Friday, April 2, 2010

Post for April 5

Hello All,

Anthony Stevens (1998) explicates the relationship between symbols and archetypes when he writes "Symbols can thus be understood as metaphors for archetypal needs and intentions or expressions of basic archetypal patterns. Every individual, every family, every community, and every nation will produce symbols appropriate to its circumstances but, for all their apparent variety, they are based on similar structural configurations which are ultimately inherent in the human mind-brain" (p. 37).

Your assignment for today is to describe one of these symbols that plays a role in your life; choose a significant photograph, artwork, or item on a shelf in a room of your house. This image or item should be significant to you. Next, describe what this image/item symbolizes in general and then what it symbolizes to you.

I'll give you an example.
Here is a painting that hangs above the fireplace in my home: it is a nightscape with a full moon. According to Anthony Stevens, the moon is "our primordial clock" and "represents the consciousness that comes to us in dreams" (p. 136). However, this moon comes with a label that reads "this is not your moon," which implies some sort of exclusion.
This is meaningful to me in that it is one of my first oil paintings, and the line comes from a poem I wrote (called "Where the Jackalope Roam" and published in Pacific Review) in which I criticized our human tendency to try to possess and own things that should not (or cannot) be possessed. Thus, I have this painting on my wall to try to motivate me to be more actively creative in my life and to remind me to be humble, to not try to control life too much.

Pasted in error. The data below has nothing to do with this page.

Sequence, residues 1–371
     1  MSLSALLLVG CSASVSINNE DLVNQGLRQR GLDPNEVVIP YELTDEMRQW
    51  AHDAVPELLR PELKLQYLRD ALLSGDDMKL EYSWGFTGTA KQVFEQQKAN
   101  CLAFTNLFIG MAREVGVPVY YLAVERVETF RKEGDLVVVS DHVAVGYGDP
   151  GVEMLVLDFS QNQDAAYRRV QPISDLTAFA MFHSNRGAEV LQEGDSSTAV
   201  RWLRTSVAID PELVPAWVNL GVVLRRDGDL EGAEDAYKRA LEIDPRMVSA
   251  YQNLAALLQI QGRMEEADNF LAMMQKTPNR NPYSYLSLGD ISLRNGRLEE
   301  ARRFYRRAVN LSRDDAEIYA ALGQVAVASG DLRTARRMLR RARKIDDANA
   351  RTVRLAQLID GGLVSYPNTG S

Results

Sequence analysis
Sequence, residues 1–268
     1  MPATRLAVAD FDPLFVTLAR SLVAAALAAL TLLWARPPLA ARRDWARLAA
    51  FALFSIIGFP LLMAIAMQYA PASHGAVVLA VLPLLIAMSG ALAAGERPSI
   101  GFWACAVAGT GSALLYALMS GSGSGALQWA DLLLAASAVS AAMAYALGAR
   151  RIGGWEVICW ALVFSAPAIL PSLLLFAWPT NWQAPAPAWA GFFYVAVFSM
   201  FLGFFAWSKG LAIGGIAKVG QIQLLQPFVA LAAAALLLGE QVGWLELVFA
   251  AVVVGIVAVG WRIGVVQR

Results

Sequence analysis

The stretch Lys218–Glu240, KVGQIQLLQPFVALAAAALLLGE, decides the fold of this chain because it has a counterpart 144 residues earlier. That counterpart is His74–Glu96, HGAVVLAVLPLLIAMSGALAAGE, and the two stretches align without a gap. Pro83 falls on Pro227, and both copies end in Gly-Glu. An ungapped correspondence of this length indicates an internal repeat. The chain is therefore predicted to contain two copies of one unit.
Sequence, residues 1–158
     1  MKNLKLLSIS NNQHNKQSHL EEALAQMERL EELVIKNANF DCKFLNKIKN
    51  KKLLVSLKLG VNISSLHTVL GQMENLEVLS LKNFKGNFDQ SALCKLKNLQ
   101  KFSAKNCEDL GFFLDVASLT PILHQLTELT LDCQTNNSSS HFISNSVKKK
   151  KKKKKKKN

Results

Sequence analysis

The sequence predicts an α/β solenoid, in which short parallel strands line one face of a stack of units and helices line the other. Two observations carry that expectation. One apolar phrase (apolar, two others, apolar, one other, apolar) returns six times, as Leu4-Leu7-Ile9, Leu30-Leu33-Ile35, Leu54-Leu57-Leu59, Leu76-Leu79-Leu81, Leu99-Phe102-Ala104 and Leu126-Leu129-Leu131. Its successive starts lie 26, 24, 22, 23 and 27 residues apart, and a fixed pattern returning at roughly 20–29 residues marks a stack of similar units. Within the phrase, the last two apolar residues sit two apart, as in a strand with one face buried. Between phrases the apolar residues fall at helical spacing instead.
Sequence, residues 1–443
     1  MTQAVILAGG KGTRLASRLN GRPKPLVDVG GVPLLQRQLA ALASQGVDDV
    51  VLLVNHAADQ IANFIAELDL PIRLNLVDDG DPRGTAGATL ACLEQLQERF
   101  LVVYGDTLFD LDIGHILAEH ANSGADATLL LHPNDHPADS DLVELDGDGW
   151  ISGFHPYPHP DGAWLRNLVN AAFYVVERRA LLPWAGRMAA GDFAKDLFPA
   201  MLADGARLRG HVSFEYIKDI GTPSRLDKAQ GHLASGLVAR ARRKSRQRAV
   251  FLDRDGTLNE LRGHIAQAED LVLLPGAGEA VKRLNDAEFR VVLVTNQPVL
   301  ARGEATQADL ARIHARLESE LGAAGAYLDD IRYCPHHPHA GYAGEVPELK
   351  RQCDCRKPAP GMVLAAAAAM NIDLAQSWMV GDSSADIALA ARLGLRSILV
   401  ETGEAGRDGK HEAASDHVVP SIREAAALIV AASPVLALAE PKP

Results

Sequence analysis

I am often lazy, and I often try to plan my life too much in advance, so I need all the help I can get with these reminders.

Monday, March 29, 2010

Spring: Post for April 2

Hello All,

There are two components to any symbol: the physical object and the abstract concept the object represents.

First and foremost, the symbol must be a physical, tangible, material thing that can be perceived by the senses: sight, sound, touch, taste, smell.

Freedom, therefore, cannot be a symbol. Love cannot be a symbol.

An eagle, on the other hand, can be a symbol (of freedom). A heart can be a symbol (of love).

Often, symbols are culture-specific. For example, for Americans, the Bald Eagle is a symbol of America and of freedom. For other cultures, however, the Bald Eagle is just a bird. Their symbol of freedom might be a horse (for nomadic cultures) or a dolphin (for seafaring cultures).

Archetypes differ from symbols in that archetypes transcend cultures; in other words, they are symbols that all cultures share. For example, a mother is a symbol of care, comfort, and life. These connotations are shared by all cultures.

If, as Stevens writes in Ariadne's Clue (1998), these "archetypal propensities [...] underlie all human thought and action" (p. 21), from where do these archetypes arise?

Many evolutionary biologists and psychologists believe this capacity for symbol formation is one of the hallmarks of humanity; thus, it was when we began to create symbols that we became more than ape. We became human. As such, the capacity for and pattern of symbol formation may be hard-wired into our brains, our genes, our very being.

Here is your assignment. I have three different photographs on the English 310 webpage ( One is a griffin from Apollo Temple in the city of Didim in Modern Turkey (what used to be Ancient Greece), one is of an elk sculpture that sits in front of the Walter Stiern Library, and one is of a graffiti train parked in Tehachapi. In each case, an artist went out of his or her way to create a symbol.

Your assignment is to choose one of these three symbols and post an explanation as to just what this thing represents. What does the griffin represent? What does the elk represent? What does the blue ghost represent?

Good luck!